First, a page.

The war in Ukraine is still the focus of the markets. What does the situation look like right now?
The war in Ukraine is still the focus of the European markets in particular. Market reactions to the events have clearly declined, however, and many stock markets have returned to their pre-war levels. Nevertheless, the war may continue to cause significant market turbulence.
A major question for the economy and markets is whether efforts will be made to hasten the ending of Europe’s dependence on Russian energy.
What factors are currently driving inflation?
In early 2022, inflation was expected to slow down by the summer at the latest as logistics and production challenges eased. However, these hopes were dashed with the rising raw material prices resulting from the war in Ukraine. Now, the predicted return to anywhere near the central banks’ 2% inflation target rate seems unlikely this year.
The war in Ukraine raised commodity prices across the board. Russia has global significance as an oil and gas producer, and the current and possible future sanctions and supply challenges have raised energy prices extensively, in Europe in particular. In addition to energy prices, the prices of several metals and wheat have risen since the war started.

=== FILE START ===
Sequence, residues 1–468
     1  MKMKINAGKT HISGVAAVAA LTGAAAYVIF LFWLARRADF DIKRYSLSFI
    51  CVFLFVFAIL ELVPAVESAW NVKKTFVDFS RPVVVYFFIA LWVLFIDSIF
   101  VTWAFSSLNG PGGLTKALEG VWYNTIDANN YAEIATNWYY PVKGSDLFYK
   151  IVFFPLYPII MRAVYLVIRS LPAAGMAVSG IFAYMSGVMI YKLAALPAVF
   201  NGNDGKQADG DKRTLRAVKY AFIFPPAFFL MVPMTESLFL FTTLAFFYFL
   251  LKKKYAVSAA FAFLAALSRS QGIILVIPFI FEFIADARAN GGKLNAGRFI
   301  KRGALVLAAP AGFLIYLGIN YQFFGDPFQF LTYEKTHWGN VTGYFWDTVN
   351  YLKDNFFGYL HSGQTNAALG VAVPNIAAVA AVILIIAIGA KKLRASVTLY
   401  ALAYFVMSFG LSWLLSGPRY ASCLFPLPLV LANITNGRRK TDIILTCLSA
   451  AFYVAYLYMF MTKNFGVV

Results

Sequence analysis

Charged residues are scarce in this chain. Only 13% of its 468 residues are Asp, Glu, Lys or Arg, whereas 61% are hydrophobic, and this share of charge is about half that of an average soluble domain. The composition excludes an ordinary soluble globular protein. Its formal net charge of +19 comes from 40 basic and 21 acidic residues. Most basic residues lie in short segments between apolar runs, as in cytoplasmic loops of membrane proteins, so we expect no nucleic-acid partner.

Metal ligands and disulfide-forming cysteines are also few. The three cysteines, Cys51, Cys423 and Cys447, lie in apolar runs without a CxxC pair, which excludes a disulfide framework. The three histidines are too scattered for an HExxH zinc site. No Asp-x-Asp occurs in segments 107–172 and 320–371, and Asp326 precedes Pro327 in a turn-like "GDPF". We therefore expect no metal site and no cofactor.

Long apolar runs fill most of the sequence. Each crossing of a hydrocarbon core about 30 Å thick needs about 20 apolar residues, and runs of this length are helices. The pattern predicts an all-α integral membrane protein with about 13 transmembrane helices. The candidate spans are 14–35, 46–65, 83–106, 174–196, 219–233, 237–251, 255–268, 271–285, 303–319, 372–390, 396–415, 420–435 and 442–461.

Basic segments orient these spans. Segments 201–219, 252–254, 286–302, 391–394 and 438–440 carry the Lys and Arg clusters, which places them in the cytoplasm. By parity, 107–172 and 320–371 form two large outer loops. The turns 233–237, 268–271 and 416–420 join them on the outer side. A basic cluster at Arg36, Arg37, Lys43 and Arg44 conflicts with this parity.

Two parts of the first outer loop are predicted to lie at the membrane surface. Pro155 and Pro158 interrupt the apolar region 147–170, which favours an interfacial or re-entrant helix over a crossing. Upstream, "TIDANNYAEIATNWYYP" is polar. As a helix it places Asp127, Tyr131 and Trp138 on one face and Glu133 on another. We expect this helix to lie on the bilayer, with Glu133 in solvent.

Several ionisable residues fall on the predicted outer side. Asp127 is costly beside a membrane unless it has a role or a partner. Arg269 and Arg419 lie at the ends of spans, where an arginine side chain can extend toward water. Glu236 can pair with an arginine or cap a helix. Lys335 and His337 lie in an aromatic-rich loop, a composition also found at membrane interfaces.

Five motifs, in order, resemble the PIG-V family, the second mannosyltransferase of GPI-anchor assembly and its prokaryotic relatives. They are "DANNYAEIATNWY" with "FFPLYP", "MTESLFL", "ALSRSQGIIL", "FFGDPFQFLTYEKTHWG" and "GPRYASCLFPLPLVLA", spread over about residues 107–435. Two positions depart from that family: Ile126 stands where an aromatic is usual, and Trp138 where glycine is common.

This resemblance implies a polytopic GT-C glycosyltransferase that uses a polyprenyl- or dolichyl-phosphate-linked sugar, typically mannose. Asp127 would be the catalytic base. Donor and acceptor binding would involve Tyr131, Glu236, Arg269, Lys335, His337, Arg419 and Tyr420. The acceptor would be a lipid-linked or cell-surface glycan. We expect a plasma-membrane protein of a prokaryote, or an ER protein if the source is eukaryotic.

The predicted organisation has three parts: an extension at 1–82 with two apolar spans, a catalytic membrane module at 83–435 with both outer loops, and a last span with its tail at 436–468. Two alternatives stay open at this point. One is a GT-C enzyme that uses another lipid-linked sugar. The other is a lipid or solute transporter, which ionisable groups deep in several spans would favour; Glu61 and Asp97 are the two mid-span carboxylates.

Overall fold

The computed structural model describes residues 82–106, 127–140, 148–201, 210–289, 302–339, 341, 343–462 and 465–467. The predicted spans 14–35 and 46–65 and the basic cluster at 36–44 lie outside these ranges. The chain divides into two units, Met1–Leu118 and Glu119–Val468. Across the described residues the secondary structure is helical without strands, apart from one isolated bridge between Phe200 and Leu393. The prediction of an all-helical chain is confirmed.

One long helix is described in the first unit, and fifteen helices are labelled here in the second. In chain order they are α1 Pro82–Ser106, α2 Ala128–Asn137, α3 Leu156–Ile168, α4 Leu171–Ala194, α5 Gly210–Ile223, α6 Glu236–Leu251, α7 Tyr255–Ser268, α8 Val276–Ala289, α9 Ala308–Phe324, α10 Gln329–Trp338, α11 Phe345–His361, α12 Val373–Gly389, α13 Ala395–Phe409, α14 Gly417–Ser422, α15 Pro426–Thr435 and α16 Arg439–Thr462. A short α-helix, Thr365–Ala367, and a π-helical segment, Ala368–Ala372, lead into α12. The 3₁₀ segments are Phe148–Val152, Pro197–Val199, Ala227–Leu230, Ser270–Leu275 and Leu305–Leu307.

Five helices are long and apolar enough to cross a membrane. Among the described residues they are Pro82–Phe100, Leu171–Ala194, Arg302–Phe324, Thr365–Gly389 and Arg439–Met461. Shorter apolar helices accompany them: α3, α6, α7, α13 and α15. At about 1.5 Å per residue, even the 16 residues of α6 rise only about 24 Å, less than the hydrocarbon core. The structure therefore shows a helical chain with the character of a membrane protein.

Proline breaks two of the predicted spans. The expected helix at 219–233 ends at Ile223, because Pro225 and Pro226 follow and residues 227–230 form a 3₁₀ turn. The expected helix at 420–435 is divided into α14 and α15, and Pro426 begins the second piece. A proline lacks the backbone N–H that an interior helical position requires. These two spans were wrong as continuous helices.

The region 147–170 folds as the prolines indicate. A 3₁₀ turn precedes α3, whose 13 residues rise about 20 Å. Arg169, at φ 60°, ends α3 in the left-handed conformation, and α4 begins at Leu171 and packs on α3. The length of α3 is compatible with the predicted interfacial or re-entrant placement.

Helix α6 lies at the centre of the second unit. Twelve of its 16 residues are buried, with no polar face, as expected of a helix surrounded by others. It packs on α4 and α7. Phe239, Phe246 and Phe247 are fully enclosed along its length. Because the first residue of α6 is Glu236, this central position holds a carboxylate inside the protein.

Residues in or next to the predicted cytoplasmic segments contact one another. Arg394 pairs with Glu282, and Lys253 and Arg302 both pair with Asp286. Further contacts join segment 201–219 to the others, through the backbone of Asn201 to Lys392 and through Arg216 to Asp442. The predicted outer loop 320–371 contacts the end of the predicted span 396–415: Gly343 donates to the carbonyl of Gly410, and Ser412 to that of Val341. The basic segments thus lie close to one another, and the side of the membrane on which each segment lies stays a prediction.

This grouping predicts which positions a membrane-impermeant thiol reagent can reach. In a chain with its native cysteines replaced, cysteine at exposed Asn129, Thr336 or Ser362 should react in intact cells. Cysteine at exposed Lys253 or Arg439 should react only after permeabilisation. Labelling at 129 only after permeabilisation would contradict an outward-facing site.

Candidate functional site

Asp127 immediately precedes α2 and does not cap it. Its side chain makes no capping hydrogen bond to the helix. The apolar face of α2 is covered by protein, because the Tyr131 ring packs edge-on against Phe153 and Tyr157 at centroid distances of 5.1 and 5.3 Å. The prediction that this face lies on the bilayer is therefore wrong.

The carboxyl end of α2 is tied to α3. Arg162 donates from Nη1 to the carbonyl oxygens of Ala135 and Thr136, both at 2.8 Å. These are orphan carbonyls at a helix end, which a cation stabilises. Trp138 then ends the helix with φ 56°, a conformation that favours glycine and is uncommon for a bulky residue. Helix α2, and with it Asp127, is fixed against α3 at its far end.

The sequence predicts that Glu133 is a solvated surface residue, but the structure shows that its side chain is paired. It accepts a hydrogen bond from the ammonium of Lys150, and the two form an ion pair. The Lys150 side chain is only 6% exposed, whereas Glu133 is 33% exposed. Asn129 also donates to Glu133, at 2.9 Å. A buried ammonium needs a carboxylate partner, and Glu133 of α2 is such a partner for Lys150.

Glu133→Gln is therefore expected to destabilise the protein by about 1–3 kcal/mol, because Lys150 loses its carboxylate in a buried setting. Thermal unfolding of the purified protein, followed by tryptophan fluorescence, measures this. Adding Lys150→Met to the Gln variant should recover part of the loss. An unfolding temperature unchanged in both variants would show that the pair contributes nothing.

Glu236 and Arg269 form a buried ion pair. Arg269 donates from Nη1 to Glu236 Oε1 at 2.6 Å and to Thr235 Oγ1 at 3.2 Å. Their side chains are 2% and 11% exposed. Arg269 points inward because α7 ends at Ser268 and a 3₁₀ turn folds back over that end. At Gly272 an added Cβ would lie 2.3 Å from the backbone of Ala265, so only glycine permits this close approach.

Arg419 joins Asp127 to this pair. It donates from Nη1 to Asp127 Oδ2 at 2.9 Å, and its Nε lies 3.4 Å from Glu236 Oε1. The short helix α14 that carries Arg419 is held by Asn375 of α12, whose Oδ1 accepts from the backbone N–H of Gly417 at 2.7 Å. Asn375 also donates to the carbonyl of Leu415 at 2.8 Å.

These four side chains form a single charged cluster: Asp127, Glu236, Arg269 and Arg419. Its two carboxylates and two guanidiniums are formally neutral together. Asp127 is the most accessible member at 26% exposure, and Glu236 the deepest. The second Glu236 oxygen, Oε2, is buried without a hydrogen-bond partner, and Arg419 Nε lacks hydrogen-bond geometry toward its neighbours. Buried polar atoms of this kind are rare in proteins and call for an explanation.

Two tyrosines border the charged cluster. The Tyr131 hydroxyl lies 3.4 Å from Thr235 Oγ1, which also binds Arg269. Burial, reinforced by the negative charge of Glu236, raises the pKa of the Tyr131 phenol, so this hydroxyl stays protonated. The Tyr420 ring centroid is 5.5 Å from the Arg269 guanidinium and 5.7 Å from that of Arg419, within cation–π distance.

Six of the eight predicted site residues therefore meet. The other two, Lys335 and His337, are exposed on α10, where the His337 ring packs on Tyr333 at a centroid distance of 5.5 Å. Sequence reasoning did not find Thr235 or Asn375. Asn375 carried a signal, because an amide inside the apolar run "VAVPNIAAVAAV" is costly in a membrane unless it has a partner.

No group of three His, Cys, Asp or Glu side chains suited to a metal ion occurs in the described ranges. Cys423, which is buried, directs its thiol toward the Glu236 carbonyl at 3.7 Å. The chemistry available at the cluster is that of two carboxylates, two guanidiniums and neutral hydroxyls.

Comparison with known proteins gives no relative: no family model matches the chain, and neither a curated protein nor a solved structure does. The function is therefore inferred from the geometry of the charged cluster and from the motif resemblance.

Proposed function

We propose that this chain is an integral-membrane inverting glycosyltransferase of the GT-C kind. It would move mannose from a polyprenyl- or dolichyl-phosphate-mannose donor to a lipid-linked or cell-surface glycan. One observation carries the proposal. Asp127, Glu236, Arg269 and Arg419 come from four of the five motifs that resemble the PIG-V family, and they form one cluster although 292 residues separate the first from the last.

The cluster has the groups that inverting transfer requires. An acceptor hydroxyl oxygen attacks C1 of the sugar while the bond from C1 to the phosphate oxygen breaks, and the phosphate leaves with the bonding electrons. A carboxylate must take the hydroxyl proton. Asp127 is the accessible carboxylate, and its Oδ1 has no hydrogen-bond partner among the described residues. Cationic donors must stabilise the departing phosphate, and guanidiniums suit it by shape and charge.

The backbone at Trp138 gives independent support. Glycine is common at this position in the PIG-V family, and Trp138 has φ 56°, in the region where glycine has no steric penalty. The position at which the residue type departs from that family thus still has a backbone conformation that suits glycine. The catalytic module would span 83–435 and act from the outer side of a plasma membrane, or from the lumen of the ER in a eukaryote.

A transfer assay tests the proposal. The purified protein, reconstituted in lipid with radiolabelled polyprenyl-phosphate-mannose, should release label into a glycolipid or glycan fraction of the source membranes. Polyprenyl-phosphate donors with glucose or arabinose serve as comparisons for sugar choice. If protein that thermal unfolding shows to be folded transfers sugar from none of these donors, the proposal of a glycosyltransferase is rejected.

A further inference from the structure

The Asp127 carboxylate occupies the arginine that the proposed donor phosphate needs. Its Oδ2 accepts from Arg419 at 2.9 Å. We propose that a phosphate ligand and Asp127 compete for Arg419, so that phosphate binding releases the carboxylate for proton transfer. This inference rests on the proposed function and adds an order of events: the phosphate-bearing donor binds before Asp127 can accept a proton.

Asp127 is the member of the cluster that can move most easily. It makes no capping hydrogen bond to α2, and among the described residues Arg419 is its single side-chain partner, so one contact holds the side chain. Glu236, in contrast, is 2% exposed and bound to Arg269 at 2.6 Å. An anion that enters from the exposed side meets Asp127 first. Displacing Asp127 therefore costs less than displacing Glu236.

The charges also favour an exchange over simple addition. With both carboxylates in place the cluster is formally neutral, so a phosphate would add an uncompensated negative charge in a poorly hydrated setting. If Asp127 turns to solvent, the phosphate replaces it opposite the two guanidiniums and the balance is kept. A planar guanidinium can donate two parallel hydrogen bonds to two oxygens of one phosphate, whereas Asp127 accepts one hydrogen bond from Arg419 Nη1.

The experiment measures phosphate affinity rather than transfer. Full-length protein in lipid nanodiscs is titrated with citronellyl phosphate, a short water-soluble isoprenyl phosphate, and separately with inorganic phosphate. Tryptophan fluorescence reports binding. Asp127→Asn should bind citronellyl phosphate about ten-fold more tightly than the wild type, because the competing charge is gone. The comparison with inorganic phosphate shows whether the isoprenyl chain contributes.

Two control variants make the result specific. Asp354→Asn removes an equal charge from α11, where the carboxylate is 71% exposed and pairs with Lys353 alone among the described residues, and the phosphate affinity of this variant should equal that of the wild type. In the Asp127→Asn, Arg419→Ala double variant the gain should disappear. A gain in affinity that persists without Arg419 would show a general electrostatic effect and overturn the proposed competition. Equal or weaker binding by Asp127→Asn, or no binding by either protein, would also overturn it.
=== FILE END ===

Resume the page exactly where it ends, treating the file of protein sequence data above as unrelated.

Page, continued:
More pressure for prices to rise has come from China where the Covid-19 situation has begun escalating dramatically, and the resulting lockdowns impact both production and logistics.
Is there an end in sight for inflation acceleration?
Inflation is expected to fall as production and logistics challenges abate and raw material prices settle. In the longer term, the rise in prices, especially in the USA, will raise inflation pressures. Also, it is likely that production will be brought closer to the consumer due to the global production chain challenges and geopolitics, which will raise prices and thus also inflation.
The markets are pricing in a settling down of inflation within the space of a couple of years. The risk that inflation will play a much more central role in the development of the entire economy has risen, however.